The beginning from the end

As I was preparing my Sunday School lesson for today, I hit on the idea of using the phrase, “know the beginning from the end” as the hook for class discussion. It is an odd phrase, though I hear and see it fairly regularly in LDS talks and writings. My point was that by knowing the end (as both final point and purpose), we would understand what came before. Thus, Revelation?the revelation of Christ?is a book about the meaning of human history that we see if we understand the end of that history in Christ. But I ran into trouble when I found out that the phrase isn’t a scriptural one.

The more expected phrase, “know the end from the beginning,” appears twice (Isaiah 46:10 and Abraham 2:8), but the phrase I was planning to use doesn’t appear at all, though according to GospelLink it occurs fairly often in LDS non-scriptural writings. I went ahead and used the phrase as a hook, and I didn’t feel the least guilt since I gave the disclaimer that it isn’t a scriptural phrase and it nevertheless makes the point I wanted to use for the lesson.

But I wonder: where does this phrase come from? Is it merely an accidental reversal of terms that stuck as an idiom?

7 comments for “The beginning from the end

  1. December 22, 2003 at 1:06 pm

    That’s an interesting question. I wonder if it isn’t just the idea that “beginning from end” sounds better in English than “end from the beginning.” It really doesn’t seem like they mean that much different.

  2. Scott
    December 22, 2003 at 1:56 pm

    In the context of the verses in both Isaiah and Abraham, the chosen expression emphasizes God’s foreknowledge of events. Knowing the end from the beginning requires foreknowledge. Knowing the beginning from the end does not.


  3. Scott
    December 22, 2003 at 2:06 pm

    Two observations, in doing some searches online: (A) It appears that Mormons are far from alone in speaking of knowing “the beginning from the end.” (B) In context, those using the expression seem to want to say something about God’s omniscience or specifically foreknowledge.


  4. December 22, 2003 at 2:32 pm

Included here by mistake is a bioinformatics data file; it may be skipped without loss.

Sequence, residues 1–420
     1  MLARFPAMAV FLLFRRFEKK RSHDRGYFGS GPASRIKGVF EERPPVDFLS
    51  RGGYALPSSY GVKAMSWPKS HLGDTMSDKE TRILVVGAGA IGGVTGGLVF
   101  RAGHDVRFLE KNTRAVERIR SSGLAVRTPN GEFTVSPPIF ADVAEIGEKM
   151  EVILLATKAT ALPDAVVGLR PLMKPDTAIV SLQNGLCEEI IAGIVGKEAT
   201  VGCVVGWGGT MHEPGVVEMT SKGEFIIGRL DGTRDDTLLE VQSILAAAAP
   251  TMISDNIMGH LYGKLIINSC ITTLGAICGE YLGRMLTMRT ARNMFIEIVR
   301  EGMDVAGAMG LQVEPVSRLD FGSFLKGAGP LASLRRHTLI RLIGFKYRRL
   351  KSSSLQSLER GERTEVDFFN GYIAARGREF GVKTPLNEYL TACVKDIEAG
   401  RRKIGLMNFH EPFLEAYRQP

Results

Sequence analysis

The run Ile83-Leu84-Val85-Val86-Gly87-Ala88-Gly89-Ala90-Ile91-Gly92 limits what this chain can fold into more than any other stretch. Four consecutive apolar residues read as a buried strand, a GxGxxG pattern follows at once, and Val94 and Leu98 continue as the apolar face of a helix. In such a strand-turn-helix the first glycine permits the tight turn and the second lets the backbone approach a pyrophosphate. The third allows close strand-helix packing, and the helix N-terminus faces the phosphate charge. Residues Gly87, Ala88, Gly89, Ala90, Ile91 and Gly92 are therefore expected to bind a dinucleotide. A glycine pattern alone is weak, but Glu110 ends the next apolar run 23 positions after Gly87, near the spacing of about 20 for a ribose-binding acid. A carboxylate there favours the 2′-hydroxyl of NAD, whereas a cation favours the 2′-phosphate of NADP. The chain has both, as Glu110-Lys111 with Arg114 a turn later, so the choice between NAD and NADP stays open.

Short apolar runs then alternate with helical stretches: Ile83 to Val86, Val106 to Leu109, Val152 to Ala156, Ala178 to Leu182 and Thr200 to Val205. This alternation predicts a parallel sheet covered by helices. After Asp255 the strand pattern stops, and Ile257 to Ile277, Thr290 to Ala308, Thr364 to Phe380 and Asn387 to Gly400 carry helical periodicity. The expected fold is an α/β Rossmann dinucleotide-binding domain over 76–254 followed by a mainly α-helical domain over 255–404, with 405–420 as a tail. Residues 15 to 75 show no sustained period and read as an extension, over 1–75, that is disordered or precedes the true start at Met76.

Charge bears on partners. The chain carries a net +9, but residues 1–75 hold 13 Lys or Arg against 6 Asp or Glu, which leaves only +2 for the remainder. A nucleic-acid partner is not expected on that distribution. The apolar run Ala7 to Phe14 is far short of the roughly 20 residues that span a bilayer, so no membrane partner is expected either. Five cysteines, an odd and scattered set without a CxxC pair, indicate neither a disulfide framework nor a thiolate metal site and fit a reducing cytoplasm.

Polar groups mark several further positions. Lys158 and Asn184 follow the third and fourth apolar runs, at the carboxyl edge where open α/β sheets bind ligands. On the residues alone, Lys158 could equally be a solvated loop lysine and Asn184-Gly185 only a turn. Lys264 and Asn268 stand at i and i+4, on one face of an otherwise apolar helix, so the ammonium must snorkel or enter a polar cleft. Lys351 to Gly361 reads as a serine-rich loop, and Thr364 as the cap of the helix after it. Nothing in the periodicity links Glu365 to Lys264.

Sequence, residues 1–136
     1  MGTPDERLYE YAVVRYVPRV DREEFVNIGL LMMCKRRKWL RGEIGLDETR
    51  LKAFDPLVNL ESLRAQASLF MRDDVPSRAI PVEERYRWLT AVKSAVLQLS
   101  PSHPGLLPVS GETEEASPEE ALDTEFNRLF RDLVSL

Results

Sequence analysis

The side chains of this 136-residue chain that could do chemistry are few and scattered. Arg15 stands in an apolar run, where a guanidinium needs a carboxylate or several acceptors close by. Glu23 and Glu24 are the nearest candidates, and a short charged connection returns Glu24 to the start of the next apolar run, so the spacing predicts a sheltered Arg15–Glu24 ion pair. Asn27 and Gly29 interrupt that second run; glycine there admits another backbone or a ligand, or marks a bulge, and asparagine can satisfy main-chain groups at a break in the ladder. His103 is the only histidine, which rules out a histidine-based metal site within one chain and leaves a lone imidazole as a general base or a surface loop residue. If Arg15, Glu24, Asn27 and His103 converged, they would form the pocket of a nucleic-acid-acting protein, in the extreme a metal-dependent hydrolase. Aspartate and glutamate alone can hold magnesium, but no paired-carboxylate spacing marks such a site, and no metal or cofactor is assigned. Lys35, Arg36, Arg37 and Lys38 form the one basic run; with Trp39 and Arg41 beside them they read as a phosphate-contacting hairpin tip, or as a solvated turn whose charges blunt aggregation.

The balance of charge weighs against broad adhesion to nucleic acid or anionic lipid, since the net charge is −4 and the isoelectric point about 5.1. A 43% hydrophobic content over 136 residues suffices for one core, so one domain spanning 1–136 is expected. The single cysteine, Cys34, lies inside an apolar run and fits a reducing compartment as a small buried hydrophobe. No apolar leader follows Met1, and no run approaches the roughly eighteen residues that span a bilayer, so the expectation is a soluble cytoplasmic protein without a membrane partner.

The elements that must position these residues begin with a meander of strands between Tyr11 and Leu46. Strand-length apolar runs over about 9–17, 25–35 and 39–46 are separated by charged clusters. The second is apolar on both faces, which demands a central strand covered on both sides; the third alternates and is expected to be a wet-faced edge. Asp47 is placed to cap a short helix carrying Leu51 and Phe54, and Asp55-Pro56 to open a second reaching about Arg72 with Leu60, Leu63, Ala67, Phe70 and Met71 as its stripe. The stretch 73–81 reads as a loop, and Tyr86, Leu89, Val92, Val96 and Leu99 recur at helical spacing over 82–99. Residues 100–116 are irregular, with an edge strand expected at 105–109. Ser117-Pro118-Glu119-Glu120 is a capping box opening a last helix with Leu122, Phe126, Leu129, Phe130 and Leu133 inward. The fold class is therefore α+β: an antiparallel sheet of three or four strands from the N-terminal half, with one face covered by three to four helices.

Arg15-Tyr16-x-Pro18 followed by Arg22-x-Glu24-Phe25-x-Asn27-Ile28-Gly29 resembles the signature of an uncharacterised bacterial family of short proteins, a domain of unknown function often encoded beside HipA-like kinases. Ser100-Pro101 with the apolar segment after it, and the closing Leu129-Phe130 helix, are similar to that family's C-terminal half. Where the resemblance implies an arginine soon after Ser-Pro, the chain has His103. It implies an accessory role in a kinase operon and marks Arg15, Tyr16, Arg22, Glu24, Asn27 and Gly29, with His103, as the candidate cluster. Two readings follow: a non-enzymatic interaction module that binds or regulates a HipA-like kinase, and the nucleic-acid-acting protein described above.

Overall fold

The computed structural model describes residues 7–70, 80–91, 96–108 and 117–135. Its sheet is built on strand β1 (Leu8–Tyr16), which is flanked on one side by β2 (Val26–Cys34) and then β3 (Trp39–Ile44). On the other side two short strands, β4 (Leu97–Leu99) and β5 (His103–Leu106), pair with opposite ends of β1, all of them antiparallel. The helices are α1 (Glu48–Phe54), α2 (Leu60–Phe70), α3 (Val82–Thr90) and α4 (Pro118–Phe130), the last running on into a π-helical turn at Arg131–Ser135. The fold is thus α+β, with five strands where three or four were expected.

I don’t quite see how “beginning from end” and “end from beginning” imply different degrees of foreknowledge. In both cases one has a knowledge of the end.

    I suppose one could argue that the saying could be taken as not confusing beginnings with ends and in that case what comes from might imply some privileging of one over the other. But I’d be loath to say that *solely* on the basis of that ordering in the phrase.

    I think I’m sticking with the idea that in English lists simply sound better in one order over an other. Presumably for this phrase that ordering is different than in Hebrew or Greek. If you repeat both forms of the saying quickly numerous times I think you’ll find that the normal English phrasing is superior to the way it is presented in the KJV.

  5. Scott
    December 22, 2003 at 4:28 pm


    For one to know the end from the beginning means that, in the beginning (Day Zero, Creation, whatever), one knows what will happen in the end (hundreds, thousands, millions of years later), even though it hasn’t happened yet. That’s the sense in Isaiah 46:10, in which God describes Himself as “Declaring the end from the beginning, and from ancient times the things that are not yet done….” It’s foreknowledge. (In this case it also involves causation, apparently. In the beginning, God *declares* what the end will be; He’s not just a passive “knower.”) That sense of foretelling is preserved in all (i.e., 16) translations available on the Bible Gateway web site. The Abraham 2:8 usage is pretty much the same.

    I’m struggling to understand what meaning you’re finding in the expressions that would render them basically identical in meaning. Perhaps you could rephrase them so I can get a better sense of what you have in mind.


  6. Jim
    December 24, 2003 at 2:44 am

    Though I think we often use the phrase, “know the beginning from the end” as if it means the same thing as “know the end from the beginning,” as Scott points out, it seems fairly clear that, taken literally, the two don’t mean the same thing. However, if we use both to mean the same thing, which I think is the point Scott is making about what he sees in his research, then both have to do with the foreknowledge of God. In that case, perhaps Clark’s explanation is the better one.

    However, I’m a little leery of explanations that invoke the idea that one sounds better than the other in English. That may simply be the result of our familiarity with one.

  7. December 26, 2003 at 5:01 pm

    Oh, OK, I see how you are reading it. I was taking “from” to mean “as distinct” or “as different.” You were taking “from” to imply the “when” of the knowing. I’m sure it will sound shocking, but I honestly have never read that in temporal terms. I always read both phrases as simply meaning that the beginning and end are different and shouldn’t be confused. (Something many do)

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